Emotional Health · Family & Friends · Technology

Alone Together: Humans in the Digital World

But more is being lost than just conversation. Verbal interaction is at the foundation of intimacy. It is through the intimate interaction and wordplay between a mother and her infant that the early structure of a sense of self is built, and, even when silent, eye contact is crucial. Researchers, like Beatrice Beebe, building on the work of such pioneers as Margaret Mahler and Mary Ainsworth, have shown through the microanalysis of mother/ child face-to-face interactions the ways in which variations can have an effect on the security of a child’s attachment (The Origins of 12-Month Attachment: A Microanalysis of 4-Month Mother-Infant Interaction, Beebe, et. al. Attach Hum Dev. 2010 Jan; 12(0): 3–141.)  One of the findings of Beebe’s research is that the mother and child operate as a dyad and each affects the other. Avoidant mothers can produce avoidant children, but avoidant children influence their parents, too. Of course, her research is with infants, but it is not too hard to extrapolate and imagine the ways in which these circular mechanisms might work in interactions with older children, too.

Last week I was visiting my daughter’s family, who have a strict “no screens” policy for adults around their two young sons. Somehow, though, I forgot myself after a few days and one morning there I was feeding breakfast to her 13-month-old while reading The Times on the computer. My daughter came in and observed how sad it was to see that he was looking up at me from time to time and then looking away, disappointed. Without my daughter’s intervention, how long would it have been before he just gave up?

There’s no doubt in Turkle’s mind that we as parents must take the lead in reversing this trend in family life. “The most realistic way to disrupt this circle is to have parents step up to their responsibilities as mentors,” she writes. Called in as consultant to a middle school, she was confronted with a group of 12-year-olds whose level of empathy was more like grade schoolers. The faculty had noticed an increasing erosion over the past few years—children don’t seem to understand one another. Parents (and teachers, etc.) must set the example when it comes to having device-free mealtimes and other periods when family time is reserved for communication with one another. By talking with their parents and siblings, children learn how to express their feelings verbally, rather than just acting on them. They learn the soothing power of having others listen and respond empathically, and develop the skill to do that in kind. They learn how to communicate their ideas effectively and be a responsive conversationalist. They absorb the values of their parents and learn stories about their past. Turkle’s books, well-written, deeply researched and above all humanistic, advocate for the thoughtful questioning of the impact of all our new powers of communication on our ability to understand one another.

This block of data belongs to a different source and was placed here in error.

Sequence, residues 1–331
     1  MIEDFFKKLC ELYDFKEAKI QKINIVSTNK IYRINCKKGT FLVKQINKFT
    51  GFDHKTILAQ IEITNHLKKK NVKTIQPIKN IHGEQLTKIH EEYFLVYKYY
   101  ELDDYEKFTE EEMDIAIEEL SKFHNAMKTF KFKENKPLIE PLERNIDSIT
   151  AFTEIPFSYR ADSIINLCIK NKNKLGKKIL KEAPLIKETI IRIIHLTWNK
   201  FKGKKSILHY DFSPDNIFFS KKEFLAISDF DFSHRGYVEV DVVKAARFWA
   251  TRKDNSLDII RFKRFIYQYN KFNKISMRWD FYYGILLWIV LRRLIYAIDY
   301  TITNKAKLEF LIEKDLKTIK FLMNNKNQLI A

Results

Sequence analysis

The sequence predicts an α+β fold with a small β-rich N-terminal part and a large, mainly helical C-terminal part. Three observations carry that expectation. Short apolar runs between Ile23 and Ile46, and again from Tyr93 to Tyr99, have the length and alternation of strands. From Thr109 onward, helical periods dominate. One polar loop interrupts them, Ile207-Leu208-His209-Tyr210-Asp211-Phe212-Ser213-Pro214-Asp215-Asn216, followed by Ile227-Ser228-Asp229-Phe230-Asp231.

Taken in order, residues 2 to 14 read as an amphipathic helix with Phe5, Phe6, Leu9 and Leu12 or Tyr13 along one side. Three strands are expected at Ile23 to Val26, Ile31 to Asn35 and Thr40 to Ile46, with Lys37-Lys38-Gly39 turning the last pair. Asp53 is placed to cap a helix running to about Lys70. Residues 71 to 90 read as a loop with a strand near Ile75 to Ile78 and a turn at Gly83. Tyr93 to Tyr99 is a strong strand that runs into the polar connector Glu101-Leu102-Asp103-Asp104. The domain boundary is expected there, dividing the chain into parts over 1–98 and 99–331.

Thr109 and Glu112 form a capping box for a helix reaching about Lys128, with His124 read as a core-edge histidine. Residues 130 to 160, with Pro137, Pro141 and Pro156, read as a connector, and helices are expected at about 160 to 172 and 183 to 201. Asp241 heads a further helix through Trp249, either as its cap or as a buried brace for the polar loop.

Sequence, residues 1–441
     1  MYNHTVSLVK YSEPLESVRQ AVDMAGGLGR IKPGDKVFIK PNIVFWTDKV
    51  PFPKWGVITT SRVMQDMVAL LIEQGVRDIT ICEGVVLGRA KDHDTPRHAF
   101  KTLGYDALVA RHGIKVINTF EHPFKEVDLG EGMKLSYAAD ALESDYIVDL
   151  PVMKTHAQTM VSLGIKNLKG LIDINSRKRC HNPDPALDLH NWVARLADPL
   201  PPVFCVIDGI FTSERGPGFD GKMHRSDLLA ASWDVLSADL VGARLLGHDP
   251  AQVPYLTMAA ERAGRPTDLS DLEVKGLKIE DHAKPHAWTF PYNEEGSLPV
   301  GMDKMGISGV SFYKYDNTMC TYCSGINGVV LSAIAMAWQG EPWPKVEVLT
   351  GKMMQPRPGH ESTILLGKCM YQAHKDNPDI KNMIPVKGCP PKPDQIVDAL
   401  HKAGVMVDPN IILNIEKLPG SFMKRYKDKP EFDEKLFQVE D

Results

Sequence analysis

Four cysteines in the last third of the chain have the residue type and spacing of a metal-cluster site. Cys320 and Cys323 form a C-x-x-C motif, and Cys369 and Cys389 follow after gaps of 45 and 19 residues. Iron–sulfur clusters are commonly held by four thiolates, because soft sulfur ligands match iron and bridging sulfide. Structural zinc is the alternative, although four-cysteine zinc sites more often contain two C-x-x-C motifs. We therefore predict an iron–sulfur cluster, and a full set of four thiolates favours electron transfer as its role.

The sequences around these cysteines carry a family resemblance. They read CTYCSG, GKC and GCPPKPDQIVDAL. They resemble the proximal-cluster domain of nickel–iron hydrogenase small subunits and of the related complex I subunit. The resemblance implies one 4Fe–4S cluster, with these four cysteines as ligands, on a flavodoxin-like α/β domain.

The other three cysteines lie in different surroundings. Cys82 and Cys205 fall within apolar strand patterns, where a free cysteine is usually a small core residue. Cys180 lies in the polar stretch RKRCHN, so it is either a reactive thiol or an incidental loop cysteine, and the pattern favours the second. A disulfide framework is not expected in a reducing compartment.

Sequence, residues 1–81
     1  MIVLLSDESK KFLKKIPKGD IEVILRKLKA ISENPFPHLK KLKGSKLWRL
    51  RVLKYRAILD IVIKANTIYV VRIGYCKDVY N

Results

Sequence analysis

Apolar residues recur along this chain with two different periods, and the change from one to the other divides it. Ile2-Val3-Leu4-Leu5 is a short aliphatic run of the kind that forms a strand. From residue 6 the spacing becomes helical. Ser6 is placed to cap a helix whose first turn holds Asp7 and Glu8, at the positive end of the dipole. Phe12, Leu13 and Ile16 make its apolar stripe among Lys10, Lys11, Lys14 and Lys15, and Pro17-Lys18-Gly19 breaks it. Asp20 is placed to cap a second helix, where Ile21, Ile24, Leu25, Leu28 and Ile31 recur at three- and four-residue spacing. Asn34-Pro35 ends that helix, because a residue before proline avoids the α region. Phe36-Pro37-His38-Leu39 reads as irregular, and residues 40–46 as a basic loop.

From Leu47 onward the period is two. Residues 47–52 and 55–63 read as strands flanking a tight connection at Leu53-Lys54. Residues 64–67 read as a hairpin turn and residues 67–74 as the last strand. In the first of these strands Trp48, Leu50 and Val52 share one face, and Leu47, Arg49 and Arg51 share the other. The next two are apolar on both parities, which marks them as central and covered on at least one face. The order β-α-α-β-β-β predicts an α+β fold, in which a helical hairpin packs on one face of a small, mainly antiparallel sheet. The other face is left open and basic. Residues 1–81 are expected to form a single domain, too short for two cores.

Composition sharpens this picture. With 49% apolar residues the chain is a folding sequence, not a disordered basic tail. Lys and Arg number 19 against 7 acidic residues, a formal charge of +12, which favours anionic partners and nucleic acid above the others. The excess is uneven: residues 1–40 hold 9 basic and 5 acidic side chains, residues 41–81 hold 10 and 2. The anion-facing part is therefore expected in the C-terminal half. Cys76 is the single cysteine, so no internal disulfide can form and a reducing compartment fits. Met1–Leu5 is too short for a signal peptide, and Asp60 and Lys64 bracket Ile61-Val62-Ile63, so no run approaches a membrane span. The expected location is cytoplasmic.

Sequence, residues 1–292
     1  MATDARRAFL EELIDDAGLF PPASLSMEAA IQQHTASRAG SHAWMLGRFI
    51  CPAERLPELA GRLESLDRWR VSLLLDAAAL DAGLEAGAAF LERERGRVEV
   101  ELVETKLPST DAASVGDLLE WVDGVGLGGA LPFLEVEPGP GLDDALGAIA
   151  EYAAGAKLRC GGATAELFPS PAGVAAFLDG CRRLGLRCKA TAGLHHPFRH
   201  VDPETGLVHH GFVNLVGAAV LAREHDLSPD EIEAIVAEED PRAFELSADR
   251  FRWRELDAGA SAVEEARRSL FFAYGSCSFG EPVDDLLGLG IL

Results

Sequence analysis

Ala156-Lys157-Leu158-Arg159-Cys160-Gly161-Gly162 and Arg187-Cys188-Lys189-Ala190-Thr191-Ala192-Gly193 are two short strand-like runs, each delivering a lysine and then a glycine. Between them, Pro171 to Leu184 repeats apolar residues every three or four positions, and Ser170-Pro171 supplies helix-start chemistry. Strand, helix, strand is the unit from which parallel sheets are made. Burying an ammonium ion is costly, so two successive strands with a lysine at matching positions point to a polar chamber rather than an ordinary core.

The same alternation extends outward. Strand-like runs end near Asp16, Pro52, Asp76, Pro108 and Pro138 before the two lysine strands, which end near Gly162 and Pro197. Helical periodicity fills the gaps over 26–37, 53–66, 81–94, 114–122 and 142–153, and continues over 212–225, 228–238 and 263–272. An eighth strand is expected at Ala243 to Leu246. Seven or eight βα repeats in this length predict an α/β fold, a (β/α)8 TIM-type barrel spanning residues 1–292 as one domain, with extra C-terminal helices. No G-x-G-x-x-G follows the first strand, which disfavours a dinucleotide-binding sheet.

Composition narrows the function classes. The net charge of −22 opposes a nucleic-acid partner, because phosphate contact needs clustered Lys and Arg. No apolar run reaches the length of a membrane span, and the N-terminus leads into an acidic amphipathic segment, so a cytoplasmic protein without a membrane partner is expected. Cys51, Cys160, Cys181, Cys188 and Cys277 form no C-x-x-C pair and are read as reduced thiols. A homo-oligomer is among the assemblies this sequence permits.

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  • Brenda December 11, 2015 at 12:22 pm

    After reading this and agreeing completely, my first inclination was to put it on my Facebook and on Pinterest!
    And I’m a 72 year old grandmother!

    Reply